Due to some upcoming book clubs and discussions, I put a popular book in my library’s children’s room at the top of my TBR list. (Reminder/Note: I am a children’s librarian.)
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The Moon Within by Aida Salazar was an exceptional middle grade read that teens and adults will love as well. I dove through in two sittings over the course of one day. If you like poetic prose (or prose-ish poetry?) and coming-of-age stories about young women, this book is for you.
The summary, from Amazon:
* “A worthy successor to Are You There God? It’s Me, Margaret set in present-day Oakland.” –Kirkus Reviews, starred review
The Moon Within joins the Scholastic Gold line, which features award-winning and beloved novels. Includes exclusive bonus content!
Celi Rivera’s life swirls with questions.
About her changing body.
Her first attraction to a boy.
And her best friend’s exploration of what it means to be genderfluid.
But most of all, her mother’s insistence she have a moon ceremony when her first period arrives. It’s an ancestral Mexica ritual that Mima and her community have reclaimed, but Celi promises she will NOT be participating. Can she find the power within herself to take a stand for who she wants to be?
A dazzling story told with the sensitivity, humor, and brilliant verse of debut talent Aida Salazar.
I know this book was excellent because I dove through it in two sittings over the course of one day. This rarely happens for me anymore when it comes to books that are geared towards middle grade or older. But The Moon Within was that good and that easy to read. I read most of it during the day, then after my shower that night planned to crack open a romance novel instead. Then I remembered the cliffhanger I left off on and had to finish The Moon Within instead.
Celi, the main character, is a young girl growing up in Oakland. Her mother, a Xicana feminist proud of her Mexican heritage, notices the changes in Celi’s body and is planning her moon ceremony, a special event to honor Celi becoming a woman at the time of her first period. Celi absolutely does not want this. Though there are some things she likes about her changing body, she’s also embarrassed by it and a party dedicated to her first period is not something she wants.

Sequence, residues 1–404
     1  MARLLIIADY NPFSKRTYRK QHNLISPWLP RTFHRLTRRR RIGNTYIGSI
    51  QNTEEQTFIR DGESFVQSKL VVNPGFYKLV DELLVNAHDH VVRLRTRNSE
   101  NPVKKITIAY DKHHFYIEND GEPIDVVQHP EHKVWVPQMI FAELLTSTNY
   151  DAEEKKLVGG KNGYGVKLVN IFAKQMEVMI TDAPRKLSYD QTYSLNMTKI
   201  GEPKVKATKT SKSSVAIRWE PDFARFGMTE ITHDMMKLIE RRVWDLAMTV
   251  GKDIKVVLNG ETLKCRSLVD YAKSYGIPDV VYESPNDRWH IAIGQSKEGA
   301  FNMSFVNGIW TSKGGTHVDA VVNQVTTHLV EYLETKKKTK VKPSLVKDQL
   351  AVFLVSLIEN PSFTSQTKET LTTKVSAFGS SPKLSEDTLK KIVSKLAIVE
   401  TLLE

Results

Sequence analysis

Celi is not just dealing with puberty, but also the complications of a first crush and friendship. Celi’s best friend comes out as nonbinary. While Celi and her friend’s family are supportive, not everyone is.
I loved everything about this book. I wish it had been around when I was a kid as an alternative to Are You There God? It’s Me, Margaret. Don’t get me wrong! This is another favorite coming-of-age book. But I would have appreciated this read-alike, and I am sure many children will appreciate The Moon Within even more – for seeing themselves in the pages, for Salazar’s writing style, and for its modern take on puberty, friendship, and crushes.
There were two things I especially adored about this book, regarding the intersectional feminism and cultural appreciation of Mima and Teresa. Mima is Celi’s mother, and Teresa is the mother of Celi’s friend, Mar. These two are kickass women who love their children. Their husbands mirror them and are equally supportive.
- Early on in the book, Celi reflects on how her mother taught her about her genitalia, what she and her mother call her “flor” when she was little. I love how her mom always taught her the parts in such a sex-positive, consent-focused way.
- All of the main characters immediately accept Mar for coming out as nonbinary. Mar’s father shares stories from Mexica tradition about gender fluidity.
This book is for middle grade readers, and doesn’t really delve into sexuality beyond Celi’s emerging feelings, but is entirely intersectional and sex-positive. Should I ever be blessed with a child, especially a daughter, I would love for them to read this book. This was a clear 5 star read for me.
Side note: I recently read and reviewed another middle grade read, the biography Brown Girl Dreaming by Jacqueline Woodson. This book is told in a similar style, where there is a linear story, but each chapter is a poem of its own. I felt the poems in Brown Girl Dreaming for the most part could stand on their own, while The Moon Within‘s chapters are just that – chapters to a larger story. I’ve you’ve read The Moon Within and like this style, I recommend Brown Girl Dreaming as a read-alike (and vice versa).
P. S. My thanks to Aida Salazar for allowing my coworkers and me to interview her a few days ago. We had an absolutely lovely, insightful conversation! Her upcoming book The Land of the Cranes promises to be equally amazing.
What an absolutely gorgeous, touching, powerful read. This book includes themes of coming of age, womanhood, gender, and friendship. I adored and related to Celi, a girl going through puberty, experiencing her first real crush, and feeling torn between a lifelong friendship and being accepted by the boy she likes. This book honors Xicana culture, and the author’s afterword encourages readers to honor their own heritage and self through exploring moon rituals.